A different side won Division 1 every year between 1995 and 2002, when French football’s last great dynasty – Olympique Lyonnais began its ascent. OM, UEFA Cup finalists in 1999 and 2004, did not regain the title until 2010.
Best XI: Fabien Barthez; Manuel Amoros, Éric di Meco, Basile Boli, Marcel Desailly, Mozer; Didier Deschamps, Franck Sauzée; Chris Waddle; Jean-Pierre Papin, Abédi Pelé.
Honours: French champions: 1989, 1990, 1991, 1992 (1993 title revoked). European Cup winners: 1993. European Cup runners-up: 1991. Coupe de France: 1989.
2. AS Saint-Étienne, 1967-1981
With their stylish play, irresistibly cool green strip and above all their run to the European Cup final in 1976 – the first Gallic team to reach that stage since the tournament began being televised – Saint-Étienne put French football on the international map, lifting it out of its Sixties doldrums.
ASSE reached the top flight the season before the war, winning their first title in 1957. They were debilitated by losing star forward Rachid Mekhloufi, who quit (alongside Monaco’s Abdelaziz Ben Tifour and Mustapha Zitouni and L’OM goalkeeper Abderrahahman Ibrir) to represent the Front Libération Nationale team, comprised of ethnic Algerians who left their clubs during the Franco-Algerian War.
ASSE were relegated in 1962 but with colonial hostilities ceased, Mekhloufi returned, and not only did they come straight back up, but they won their second title the following season. Coach Jean Snella won another title in 1968, before handing over to Albert Batteux, who ensured continuity between France’s first great team and the flowering of new talent in the Seventies – and beyond.
Batteux’s team included Aimé Jacquet, who later managed Bordeaux and then France’s World Cup winners, and Robert Herbin, who would succeed Batteux as coach and take ASSE to even greater heights. It also featured gifted attacker Salif Keïta, signed from Real Bamoko in Mali, who scored 125 goals in 149 games as ASSE won four consecutive championships.
ASSE then went three years without a title, but in 1972, Batteux stood aside for Herbin, and Les Verts became France’s top side and a European force, with an untypically daunting home crowd. Champions in 1974 with genial playmaker Jean-Michel Larqué and the Révelli brothers dazzling their competitors, they lost the European Cup semi-final to Bayern Munich in 1975, but beat Dynamo Kiev and PSV Eindhoven to make the final the following season – again facing Munich.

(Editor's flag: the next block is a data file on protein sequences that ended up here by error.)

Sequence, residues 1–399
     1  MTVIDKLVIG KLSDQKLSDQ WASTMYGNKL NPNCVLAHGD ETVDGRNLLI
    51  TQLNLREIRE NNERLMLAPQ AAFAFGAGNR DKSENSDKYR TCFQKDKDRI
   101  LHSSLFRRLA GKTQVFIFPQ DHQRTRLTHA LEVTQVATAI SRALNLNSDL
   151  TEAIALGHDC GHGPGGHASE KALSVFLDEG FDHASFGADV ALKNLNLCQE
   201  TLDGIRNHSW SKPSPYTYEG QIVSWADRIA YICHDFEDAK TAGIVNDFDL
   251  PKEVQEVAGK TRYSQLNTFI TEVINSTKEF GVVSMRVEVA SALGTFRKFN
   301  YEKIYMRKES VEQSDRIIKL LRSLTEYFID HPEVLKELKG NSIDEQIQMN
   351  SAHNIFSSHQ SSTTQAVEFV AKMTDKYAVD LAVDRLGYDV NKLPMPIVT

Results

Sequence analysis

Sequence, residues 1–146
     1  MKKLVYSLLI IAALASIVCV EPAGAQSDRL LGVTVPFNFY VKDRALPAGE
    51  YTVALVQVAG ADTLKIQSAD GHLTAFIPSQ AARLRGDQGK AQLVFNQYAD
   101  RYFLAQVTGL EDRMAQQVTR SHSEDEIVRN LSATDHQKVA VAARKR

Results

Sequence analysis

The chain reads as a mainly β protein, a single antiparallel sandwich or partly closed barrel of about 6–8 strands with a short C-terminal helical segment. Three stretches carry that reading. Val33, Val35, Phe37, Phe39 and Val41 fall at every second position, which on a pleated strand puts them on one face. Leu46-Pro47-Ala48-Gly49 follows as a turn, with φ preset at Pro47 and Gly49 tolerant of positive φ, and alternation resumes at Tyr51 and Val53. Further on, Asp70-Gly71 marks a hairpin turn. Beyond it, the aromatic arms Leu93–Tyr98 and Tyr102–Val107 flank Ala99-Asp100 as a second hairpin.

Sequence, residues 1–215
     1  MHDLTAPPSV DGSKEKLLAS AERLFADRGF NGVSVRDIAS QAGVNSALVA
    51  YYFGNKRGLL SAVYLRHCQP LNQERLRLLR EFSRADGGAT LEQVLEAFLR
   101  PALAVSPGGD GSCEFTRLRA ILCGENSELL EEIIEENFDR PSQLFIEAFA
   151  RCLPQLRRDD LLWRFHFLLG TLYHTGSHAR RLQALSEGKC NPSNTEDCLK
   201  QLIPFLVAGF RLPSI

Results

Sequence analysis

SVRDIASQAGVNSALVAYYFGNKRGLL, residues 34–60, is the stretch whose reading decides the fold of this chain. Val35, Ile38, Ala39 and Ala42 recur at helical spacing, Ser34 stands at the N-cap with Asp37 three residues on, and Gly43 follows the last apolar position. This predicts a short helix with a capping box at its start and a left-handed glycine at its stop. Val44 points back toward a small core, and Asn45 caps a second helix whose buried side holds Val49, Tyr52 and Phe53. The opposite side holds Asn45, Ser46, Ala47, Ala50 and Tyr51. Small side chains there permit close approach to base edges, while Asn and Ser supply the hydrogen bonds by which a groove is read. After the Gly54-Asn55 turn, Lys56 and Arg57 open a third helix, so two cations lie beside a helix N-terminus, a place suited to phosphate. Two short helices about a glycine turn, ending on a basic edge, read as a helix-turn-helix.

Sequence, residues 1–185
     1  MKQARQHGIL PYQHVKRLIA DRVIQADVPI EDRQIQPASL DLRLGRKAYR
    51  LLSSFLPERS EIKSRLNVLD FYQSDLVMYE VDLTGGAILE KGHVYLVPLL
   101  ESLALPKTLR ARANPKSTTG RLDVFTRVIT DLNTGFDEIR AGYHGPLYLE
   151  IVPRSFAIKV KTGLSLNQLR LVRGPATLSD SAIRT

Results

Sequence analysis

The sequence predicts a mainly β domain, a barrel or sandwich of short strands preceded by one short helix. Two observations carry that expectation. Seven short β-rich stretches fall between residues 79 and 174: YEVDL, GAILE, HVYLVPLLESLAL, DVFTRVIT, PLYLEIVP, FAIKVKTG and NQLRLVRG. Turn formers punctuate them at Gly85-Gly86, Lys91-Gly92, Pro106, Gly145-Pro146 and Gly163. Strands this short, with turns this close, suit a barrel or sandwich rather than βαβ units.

Despite their bold performance, ASSE could not prevent the Germans winning their third straight European Cup, losing 1-0 after hitting the bar twice. However, their skilful attacking displays – particularly their 3-0 win over Kiev to overturn a two-goal deficit, won the hearts of French fans and impressed continental television audiences.
Although talents such as Christian López and Dominique Rocheteau rose through their youth system, ASSE did not qualify for Europe in 1977 or 1978. Shaken president Roger Rocher changed policy, spending huge sums on Patrick Battiston, Michel Platini, Johnny Rep and others – and adopted ever more corrupt financial practices to cover the debts. ASSE won their final title in 1981 and finished second the next year, when the exposure of the club’s slush fund led to Rocher being ousted and eventually imprisoned. Two seasons later, ASSE were relegated, and have not won a trophy or qualified for Europe since.
Best XI: Georges Carnus; Vladimír Durković, Gérard Janvion, Christian López, Oswaldo Piazza; Jean-Michel Larqué, Michel Platini; Hervé Revelli, Salif Keïta, Dominique Rocheteau, Johnny Rep.
Honours: French champions: 1967, 1968, 1969, 1970, 1974, 1975, 1976, 1981. European Cup runners-up: 1976. Coupe de France: 1968, 1970, 1974, 1977.